This article is part of our DraftKings MMA series.
UFC Vegas 31 was supposed to be headlined by Max Holloway and Yair Rodriguez before the former was forced to withdraw due to injury. It's a bummer that we won't get to see that fight for a while, but this new main event has all sorts of potential.
If you're hoping to turn the event into an opportunity to build your DFS bankroll, DraftKings.com has you covered with a full slate of contests, including a $350k MMA Throwdown with $100k to first place. Players get a $50,000 budget to select six fighters, and the scoring is distributed as follows:
Note: Scoring has been updated as of early-2021! Please review the scoring changes below.
Strikes: +0.2 PTS
Significant Strikes (SS): +0.5 PTS
Control Time: +0.03 PTS/SECOND
Takedown (TD): +5 PTS
Reversal/Sweep (REV): +5 PTS
Knockdown (KD): +10 PTS
Fight Conclusion Bonuses
1st Round Win (1rW+): +90 PTS
2nd Round Win (2rW+): +70 PTS
3rd Round Win (3rW+): +45 PTS
4th Round Win (4rW+): +40 PTS
5th Round Win (5rW+): +40 PTS
Decision Win (WBD+): +30 PTS
Quick Win Bonus: +25 PTS
(fight is finished in 60 seconds or less)
- Significant Strikes are any Distance Strike or Clinch/Ground Strikes that are considered "Power Strikes" by official scorers.
- A Significant Strike will count as both a strike and a significant strike and will be worth a total of 0.4 Pts
- Control Time is the time spent in the dominant position on the ground or in the clinch. +0.03 points are awarded per second.
- A Knockdown is awarded to a fighter who knocks his/her opponent down due to debilitation for what the official scorers consider an appreciable amount of time.
- A Quick Win Bonus is awarded to the winning fighter if they win in the first round in 60 seconds or less.
Main Event - Lightweight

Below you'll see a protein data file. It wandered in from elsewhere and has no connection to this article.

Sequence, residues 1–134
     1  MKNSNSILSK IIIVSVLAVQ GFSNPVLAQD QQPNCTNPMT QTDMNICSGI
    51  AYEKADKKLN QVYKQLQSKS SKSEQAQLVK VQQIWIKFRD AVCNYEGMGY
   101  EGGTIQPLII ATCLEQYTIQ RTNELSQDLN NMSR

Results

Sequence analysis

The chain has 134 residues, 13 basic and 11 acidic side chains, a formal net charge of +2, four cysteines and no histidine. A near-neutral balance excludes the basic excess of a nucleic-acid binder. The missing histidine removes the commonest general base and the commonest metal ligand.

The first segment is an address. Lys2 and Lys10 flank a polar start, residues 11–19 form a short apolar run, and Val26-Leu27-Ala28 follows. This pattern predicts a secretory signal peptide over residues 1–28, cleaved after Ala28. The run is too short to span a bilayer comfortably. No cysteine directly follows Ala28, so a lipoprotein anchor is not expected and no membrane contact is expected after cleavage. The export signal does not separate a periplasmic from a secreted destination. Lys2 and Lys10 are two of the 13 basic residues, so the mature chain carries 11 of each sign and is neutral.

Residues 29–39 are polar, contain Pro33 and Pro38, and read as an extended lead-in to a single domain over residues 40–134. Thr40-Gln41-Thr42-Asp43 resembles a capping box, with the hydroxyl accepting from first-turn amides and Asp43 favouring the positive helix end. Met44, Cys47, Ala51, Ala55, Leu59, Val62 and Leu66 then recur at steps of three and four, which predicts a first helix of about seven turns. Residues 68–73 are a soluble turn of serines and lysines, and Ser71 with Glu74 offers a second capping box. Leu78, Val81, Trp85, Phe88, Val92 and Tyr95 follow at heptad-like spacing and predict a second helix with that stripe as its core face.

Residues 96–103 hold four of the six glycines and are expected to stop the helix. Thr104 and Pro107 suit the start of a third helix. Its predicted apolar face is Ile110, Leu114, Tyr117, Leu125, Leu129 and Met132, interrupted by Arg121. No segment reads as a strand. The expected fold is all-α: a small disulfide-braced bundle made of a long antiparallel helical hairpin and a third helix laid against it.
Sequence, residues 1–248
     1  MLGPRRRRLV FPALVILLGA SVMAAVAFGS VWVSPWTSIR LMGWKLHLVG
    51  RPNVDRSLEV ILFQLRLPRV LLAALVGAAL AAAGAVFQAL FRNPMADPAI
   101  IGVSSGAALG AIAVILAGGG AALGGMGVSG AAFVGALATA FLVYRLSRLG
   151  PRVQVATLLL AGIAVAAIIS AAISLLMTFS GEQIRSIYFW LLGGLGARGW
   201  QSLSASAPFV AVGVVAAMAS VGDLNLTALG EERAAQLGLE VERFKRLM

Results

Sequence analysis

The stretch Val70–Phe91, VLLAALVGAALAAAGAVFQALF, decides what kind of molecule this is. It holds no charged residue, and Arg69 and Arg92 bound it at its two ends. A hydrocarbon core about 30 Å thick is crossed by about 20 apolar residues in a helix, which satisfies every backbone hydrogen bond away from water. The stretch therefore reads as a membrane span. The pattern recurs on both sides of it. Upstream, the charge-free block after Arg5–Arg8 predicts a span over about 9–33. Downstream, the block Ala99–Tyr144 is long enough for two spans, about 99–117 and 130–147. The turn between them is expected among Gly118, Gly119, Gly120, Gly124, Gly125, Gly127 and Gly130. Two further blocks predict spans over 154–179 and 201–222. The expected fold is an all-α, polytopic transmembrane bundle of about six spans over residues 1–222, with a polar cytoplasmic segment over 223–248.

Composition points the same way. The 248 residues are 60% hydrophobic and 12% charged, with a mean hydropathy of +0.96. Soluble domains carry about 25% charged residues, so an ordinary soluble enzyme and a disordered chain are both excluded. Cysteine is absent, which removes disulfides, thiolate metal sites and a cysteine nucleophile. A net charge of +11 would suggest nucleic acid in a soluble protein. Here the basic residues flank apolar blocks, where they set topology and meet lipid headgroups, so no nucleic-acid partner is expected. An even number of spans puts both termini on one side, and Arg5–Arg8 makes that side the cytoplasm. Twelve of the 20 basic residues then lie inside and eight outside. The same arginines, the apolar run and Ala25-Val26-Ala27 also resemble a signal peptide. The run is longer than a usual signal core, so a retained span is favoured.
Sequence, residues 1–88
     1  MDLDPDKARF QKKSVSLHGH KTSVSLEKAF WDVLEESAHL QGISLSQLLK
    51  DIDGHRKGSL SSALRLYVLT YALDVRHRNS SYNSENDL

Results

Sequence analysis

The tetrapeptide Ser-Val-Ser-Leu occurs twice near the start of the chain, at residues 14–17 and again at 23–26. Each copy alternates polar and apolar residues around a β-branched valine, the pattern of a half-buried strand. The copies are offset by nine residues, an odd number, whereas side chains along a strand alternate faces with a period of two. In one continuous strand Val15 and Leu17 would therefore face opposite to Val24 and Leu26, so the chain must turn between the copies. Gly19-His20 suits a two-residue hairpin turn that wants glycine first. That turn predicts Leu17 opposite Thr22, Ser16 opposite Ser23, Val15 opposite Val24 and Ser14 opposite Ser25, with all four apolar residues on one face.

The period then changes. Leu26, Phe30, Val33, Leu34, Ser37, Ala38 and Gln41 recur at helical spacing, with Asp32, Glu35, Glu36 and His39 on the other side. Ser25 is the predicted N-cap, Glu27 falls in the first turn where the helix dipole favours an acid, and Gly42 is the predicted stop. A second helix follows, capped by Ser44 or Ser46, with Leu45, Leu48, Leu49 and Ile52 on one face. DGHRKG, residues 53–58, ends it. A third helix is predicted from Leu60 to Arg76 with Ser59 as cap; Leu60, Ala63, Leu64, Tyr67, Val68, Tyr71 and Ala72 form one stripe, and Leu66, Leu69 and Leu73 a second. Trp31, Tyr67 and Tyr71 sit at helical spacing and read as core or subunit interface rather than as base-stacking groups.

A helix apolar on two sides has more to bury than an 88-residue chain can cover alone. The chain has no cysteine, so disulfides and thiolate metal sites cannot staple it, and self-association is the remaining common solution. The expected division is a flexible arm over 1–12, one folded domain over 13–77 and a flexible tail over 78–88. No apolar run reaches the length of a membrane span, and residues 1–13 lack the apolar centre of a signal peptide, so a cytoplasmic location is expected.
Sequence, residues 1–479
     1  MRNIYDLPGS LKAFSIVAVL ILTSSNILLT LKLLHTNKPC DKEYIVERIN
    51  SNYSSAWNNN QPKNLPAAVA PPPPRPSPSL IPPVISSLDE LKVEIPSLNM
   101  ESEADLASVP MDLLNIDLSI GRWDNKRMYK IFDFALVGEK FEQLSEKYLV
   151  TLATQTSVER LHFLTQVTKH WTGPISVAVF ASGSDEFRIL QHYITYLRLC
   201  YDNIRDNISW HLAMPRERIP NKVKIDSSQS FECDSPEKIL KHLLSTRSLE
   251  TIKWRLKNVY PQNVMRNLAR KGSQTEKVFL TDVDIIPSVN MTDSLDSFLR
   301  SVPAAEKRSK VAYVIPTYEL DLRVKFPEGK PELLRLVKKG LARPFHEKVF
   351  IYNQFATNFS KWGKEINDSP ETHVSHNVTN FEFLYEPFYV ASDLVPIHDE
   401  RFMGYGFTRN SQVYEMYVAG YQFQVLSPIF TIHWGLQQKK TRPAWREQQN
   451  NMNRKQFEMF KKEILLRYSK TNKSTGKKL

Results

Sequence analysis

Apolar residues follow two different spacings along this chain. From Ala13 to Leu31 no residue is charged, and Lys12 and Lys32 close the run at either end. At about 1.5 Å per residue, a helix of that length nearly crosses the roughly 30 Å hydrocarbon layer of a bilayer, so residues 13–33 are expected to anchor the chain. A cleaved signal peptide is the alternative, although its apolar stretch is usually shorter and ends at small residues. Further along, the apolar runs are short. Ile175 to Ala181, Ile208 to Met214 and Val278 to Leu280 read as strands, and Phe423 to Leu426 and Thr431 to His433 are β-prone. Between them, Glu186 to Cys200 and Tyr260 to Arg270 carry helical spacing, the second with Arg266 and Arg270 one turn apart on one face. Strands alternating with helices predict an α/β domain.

Makhachev is probably the best fighter in the UFC that the casual fan does not know about. This is a guy with legitimate world title potential, and it could happen sooner rather than later. He's 8-1 in his first nine UFC bouts, with the one setback being a fluky knockout at the hands of Adriano Martins back in October 2015. Makhachev enters having won seven straight. The COVID-19 pandemic wreaked havoc on Makhachev's schedule. He fought Davi Ramos in September 2019 and then found himself on the sidelines until March of this year. In between, fights against both Alexander Hernandez and Rafael dos Anjos were cancelled.
Moises is also hot, entering have won three in a row against decent competition (Hernandez, Bobby Green, Michael Johnson). A product of Dana White's Contender Series: Brazil, Moises is still just 26 years old. He's shown a bunch of potential thus far and still has plenty of runway ahead of him regardless of the result here.
Neither of these guys accomplish much on the feet, as both average less than three significant strikes landed per minute. It's Makhachev's grappling game that will likely be the key to the entire fight. Islam averages 3.46 takedowns per 15 minutes and lands them and an eye-popping 68-percent clip. Moises defends the takedown at 63 percent, which is fine, but not great. As good as Moises is on the mat, he's at risk of being pinned to the ground for rounds at a time if he lets Makhachev get on top of him.
$9,400 is a massive salary and I'm always extremely hesitant to roster anyone at that price tag because the margin for error is zero, but Makhachev stands an excellent chance of becoming a UFC champion one day – he's that good. I don't have all that much interest in Moises as an underdog play simply because his opponent is so damn talented.
THE PICK: Makhachev
Co-Main Event - Women's Bantamweight
This is the end of one era and beginning of another, as Reneau is scheduled to retire following this bout, while Tate returns for the first time since November 2016.
Reneau has been a good soldier and I'm happy the UFC is giving her one final opportunity. Yes, she has lost four fights in a row, doesn't have a victory dating back to February 2018 and turned 44 years of age last month, but has fought everyone put in front of her since arriving on the scene back in January 2015 and has never once complained. She deserves credit for making it this far considering she was splitting her time between training and working as a Phys Ed. teacher in a California high school.